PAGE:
The UK Oil and Gas Authority (OGA) has awarded four licences for offshore oil and gas blocks to three companies under the 31st Supplementary Offshore Licensing Round.

A total of 11 blocks located in the Greater Buchan Area of the UK Continental Shelf (UKCS) were put on offer by the UK OGA in the supplementary round.

The regulator, however, received four applications covering five blocks.

CNS Area manager Scott Robertson said: “From bringing together interested parties at an early stage to releasing extensive digital data in advance of the licence round, the OGA sought to facilitate a common understanding and industry collaboration.

“The resulting commendable level of engagement between operators and high quality applications enabled us to make awards confident that the right assets are going to be in the right hands to deliver the optimal MER development of the Greater Buchan area.

“We look forward to working with the awardees as they deliver on their work programs and commitments and to exploit the opportunities to re-purpose and sustain existing infrastructure.”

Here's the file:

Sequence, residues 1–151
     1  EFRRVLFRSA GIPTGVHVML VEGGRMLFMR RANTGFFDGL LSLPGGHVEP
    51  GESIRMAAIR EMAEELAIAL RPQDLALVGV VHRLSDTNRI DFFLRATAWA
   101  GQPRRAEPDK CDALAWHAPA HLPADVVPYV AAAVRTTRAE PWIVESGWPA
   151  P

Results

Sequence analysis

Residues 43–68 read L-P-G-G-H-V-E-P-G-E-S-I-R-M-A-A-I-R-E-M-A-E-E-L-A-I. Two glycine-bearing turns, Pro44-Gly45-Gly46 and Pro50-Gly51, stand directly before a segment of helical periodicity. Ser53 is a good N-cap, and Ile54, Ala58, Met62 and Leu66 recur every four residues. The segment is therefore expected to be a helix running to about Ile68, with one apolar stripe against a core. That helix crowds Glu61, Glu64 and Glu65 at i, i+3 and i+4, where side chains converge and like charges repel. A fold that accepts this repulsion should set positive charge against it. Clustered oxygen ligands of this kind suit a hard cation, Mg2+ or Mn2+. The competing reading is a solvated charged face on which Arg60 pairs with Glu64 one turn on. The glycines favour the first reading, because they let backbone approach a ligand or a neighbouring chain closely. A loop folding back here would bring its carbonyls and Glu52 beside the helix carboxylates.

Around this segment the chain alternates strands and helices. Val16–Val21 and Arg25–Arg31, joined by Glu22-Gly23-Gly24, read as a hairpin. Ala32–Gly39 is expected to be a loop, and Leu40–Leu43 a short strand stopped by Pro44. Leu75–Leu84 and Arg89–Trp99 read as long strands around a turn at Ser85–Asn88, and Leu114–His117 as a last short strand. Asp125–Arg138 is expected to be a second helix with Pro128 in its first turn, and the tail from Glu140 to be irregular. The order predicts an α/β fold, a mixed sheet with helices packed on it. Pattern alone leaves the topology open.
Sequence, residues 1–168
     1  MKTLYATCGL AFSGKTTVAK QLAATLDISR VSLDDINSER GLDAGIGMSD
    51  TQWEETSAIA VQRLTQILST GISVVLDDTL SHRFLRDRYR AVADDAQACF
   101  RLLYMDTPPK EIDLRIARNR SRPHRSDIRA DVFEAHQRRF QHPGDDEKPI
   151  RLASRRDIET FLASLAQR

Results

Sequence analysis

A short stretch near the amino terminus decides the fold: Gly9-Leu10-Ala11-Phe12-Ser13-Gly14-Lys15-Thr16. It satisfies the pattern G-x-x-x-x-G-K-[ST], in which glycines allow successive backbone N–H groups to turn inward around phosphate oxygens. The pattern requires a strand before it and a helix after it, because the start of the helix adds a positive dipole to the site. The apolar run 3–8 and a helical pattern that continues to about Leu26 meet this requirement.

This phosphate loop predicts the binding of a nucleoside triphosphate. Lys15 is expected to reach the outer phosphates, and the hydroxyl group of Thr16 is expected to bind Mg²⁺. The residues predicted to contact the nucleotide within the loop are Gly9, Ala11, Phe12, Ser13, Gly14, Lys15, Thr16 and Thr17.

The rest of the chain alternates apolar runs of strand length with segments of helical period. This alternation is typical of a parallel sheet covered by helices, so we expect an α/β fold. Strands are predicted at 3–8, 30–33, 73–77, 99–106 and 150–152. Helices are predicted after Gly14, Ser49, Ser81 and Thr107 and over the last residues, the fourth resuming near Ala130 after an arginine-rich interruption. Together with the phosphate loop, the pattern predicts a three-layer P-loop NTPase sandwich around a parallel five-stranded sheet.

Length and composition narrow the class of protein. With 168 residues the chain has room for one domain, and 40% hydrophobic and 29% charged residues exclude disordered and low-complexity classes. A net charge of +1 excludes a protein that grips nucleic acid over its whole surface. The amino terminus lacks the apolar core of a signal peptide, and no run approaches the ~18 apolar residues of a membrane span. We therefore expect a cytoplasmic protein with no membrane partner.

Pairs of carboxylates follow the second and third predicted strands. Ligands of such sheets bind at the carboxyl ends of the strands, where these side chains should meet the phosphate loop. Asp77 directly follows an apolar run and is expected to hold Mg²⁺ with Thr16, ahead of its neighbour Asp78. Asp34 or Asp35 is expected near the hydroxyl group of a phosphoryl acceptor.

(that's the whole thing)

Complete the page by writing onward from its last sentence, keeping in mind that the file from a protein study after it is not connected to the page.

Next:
Licences are offered for blocks located in the Greater Buchan Area of the UKCS

One of the winners is Jersey Oil and Gas (JOG), which secured 100% working interests and operatorship of three blocks in the licensing round.

The acreage awarded includes the Greater Buchan Area (GBA) in the North Sea and the J2 oil discovery and is contiguous with the company’s existing interest in Licence P2170 comprising Blocks 20/5b and 21/1d.

Additionally, a consortium made of Australian company Talon Petroleum and Dutch firm ONE-Dyas won a licence for Block 14/30b. This licence includes Thelma Prospect, Louise Prospect, and Buffalo Prospect.

The regulator said in a statement: “The OGA fully supports the transition to a low carbon economy.

“Government forecasts show that oil and gas will remain an important part of our energy mix for the foreseeable future, and maximising economic recovery from the UKCS is therefore vital to meet our energy demands and reduce reliance on imports.”